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Bruce Eckel

Posts: 874
Nickname: beckel
Registered: Jun, 2003

Re: Object Design Posted: Jun 18, 2005 12:52 PM
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> Interesting post. I'd second the request that I'd *really*
> like to see some of the diagrams you came up with.
>
> UML looks to me like it has the curse of all *diagramming*
> methods. It loses a sense of time in a way that text
> somehow doesn't. Maybe because text still has a temporal
> dimension (or flow down the page) you sense time passing
> as you read it. Looking at diagrams, your eyes wander
> backwards and forwards across a static landscape, trying
> to find the movement.

Exactly what I discovered. Various different types of UML diagrams show different types of "movement" but those tools are too far into the details; you don't get a big picture of what this system is doing. My theory is that most of the time you can figure out the low-level details without the UML activity, sequence, collaboration, or state diagrams. But we really need a more general diagram that, in conjunction with the static structure chart (which is certainly useful), allows us to see "the movement," as you say.

Peter Booth

Posts: 62
Nickname: alohashirt
Registered: Aug, 2004

Re: Object Design Posted: Jun 18, 2005 11:02 PM
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Every 18 months for the past ten years I install a demo of Rational Rose,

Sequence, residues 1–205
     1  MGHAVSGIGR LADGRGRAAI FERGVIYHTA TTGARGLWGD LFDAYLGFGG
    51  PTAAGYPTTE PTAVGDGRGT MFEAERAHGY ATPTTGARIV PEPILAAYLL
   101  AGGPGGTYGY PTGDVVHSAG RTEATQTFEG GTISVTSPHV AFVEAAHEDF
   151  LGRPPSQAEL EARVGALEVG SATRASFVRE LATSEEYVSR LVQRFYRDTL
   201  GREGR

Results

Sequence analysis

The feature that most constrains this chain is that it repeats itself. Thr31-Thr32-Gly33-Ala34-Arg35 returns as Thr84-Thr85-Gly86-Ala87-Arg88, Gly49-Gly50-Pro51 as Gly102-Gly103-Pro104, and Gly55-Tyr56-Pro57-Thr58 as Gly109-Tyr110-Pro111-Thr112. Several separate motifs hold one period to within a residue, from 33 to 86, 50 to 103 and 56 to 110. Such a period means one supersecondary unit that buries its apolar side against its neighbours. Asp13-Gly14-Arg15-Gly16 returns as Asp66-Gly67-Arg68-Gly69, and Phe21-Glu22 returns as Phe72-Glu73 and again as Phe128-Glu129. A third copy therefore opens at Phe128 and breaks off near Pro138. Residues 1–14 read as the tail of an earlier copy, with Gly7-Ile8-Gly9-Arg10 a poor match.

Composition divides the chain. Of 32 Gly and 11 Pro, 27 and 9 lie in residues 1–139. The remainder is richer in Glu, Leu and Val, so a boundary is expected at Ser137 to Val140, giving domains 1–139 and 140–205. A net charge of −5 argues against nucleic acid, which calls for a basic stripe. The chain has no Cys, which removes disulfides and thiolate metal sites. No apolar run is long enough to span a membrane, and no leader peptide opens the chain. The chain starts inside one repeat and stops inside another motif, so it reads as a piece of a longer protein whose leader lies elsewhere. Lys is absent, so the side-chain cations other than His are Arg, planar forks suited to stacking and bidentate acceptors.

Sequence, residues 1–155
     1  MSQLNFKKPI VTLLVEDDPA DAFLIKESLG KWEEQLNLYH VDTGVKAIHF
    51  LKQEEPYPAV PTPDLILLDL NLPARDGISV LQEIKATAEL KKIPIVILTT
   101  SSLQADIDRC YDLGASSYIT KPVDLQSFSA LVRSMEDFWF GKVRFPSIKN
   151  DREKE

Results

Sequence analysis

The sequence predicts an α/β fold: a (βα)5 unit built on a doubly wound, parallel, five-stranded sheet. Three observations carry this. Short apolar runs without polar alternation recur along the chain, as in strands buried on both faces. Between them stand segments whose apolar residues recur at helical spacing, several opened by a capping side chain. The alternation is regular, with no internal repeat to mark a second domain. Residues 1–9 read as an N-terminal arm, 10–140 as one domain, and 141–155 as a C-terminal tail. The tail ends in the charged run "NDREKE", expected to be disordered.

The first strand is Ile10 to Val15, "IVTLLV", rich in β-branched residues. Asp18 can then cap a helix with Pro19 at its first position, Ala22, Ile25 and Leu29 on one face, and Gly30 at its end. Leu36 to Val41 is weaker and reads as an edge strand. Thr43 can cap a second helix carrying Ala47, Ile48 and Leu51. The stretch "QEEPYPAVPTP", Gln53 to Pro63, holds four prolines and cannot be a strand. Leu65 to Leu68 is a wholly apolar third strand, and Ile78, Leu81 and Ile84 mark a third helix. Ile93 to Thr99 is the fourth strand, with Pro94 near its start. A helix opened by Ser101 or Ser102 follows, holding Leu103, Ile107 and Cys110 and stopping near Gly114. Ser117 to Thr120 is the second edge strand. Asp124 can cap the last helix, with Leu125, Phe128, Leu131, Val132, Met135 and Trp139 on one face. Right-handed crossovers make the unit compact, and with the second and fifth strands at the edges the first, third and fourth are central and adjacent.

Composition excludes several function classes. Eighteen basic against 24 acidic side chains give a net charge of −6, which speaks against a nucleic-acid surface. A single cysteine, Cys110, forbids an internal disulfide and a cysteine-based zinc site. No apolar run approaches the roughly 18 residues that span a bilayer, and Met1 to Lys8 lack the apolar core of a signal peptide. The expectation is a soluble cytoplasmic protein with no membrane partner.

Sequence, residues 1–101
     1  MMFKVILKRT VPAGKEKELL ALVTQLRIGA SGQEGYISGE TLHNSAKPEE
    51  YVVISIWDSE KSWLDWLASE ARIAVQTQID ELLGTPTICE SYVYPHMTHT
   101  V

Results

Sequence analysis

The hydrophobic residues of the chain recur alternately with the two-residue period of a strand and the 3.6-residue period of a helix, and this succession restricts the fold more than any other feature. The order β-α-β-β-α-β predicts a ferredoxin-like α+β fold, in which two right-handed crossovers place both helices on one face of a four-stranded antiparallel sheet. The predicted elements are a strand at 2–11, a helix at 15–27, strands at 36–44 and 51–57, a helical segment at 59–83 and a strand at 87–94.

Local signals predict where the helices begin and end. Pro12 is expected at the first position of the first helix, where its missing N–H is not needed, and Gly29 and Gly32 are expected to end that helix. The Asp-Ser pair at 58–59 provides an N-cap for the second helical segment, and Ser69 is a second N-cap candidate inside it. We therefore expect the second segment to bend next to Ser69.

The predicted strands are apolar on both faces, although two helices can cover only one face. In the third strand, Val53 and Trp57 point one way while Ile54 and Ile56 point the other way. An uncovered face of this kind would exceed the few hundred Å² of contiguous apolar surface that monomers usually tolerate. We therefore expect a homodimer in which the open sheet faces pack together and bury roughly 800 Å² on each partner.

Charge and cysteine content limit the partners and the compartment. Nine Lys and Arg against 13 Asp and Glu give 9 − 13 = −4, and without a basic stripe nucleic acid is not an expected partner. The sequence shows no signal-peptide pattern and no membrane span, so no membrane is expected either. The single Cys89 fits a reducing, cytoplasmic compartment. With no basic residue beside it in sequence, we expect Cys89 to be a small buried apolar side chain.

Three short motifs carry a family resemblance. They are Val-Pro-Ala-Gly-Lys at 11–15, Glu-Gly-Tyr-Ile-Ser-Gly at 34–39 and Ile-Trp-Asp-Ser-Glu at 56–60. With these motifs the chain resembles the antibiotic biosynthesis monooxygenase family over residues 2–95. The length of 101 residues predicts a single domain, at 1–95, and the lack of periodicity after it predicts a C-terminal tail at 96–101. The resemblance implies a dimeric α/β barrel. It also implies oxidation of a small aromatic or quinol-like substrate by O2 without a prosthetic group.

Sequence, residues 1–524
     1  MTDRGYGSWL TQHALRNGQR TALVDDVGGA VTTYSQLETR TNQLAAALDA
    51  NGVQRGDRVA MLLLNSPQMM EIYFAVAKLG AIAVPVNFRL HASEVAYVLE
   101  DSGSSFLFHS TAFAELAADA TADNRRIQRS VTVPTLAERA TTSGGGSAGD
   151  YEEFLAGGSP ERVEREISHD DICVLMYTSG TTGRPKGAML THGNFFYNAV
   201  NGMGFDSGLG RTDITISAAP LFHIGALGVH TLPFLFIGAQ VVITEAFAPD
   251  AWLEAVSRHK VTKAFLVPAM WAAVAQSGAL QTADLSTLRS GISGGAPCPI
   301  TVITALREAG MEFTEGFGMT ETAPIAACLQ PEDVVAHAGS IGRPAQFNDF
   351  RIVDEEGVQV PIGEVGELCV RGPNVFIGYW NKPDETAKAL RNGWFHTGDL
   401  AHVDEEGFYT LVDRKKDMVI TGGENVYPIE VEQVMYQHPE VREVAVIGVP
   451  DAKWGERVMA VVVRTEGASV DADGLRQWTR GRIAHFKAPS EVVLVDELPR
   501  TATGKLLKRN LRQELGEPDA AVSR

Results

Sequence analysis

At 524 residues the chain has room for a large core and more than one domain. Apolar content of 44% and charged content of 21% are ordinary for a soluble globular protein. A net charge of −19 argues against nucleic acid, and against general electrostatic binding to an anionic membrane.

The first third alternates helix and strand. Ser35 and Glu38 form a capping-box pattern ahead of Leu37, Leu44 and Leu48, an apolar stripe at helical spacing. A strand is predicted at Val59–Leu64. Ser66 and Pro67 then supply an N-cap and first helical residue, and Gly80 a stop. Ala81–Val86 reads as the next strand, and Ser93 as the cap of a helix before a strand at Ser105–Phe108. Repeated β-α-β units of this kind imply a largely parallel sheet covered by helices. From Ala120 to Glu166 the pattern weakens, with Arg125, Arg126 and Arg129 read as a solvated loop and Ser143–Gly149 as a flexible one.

TogetherJ or some similar UML tool. Rose is a faecal piece of software, with appalling usability. I am yet to add any value through the use of a UML/Case/MDA tool, which is frustrating. What do Corba, UML, EJB spec all have in common? They were all authored by committe and all belong in the toilet.


I heard someone asked Martin Fowler which UML tool he used in a lecture at JavaOne six years ago and his response was "a whiteboard and colored markers."

There was a half interesting book published five years ago about visualizing software architecture that detailed different diagramming styles and classified them. It was an interesting if academic read but confirmed that diagraming systems is really hard to do or even talk about doing.

In my experience:
1) "Requirements" are best expressed as Use Case text descriptions
2) Object discovery seems to work best with a CRC card, which forces a simple approach
3) UML is great to justify an apporach to management after the fact, but not really for much else
4) Object interaction diagrams are interesting but not worth the time investment to create
6) Runtime structure can often be best viewed by drilling into sdomething akin to Borland OptimizeIt's thread debugger.

Eric Armstrong

Posts: 207
Nickname: cooltools
Registered: Apr, 2003

Re: Object Design Posted: Jun 19, 2005 2:34 PM
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> ...it's really, really important that a design
> method be simple...you need to be able
> to hold the method in your head, which means
> that it must conform to the "seven plus-or-minus two" rule
> ....
> First, when walking through use cases/user stories,
>... we found that a very simple form of structure diagram
> would suffice (showing class names only)
> ....(it captures) the domain model
> ... but it lacks an essential ingredient: mechanism.
> ....
> (leading to) a "flow diagram" (that shows) the flow
> of objects and messages through the system of
> objects. This diagram (shows) the relationship of
> higher-level objects and (how) they accomplish their
> tasks. It also seems to show threading...focus(ing)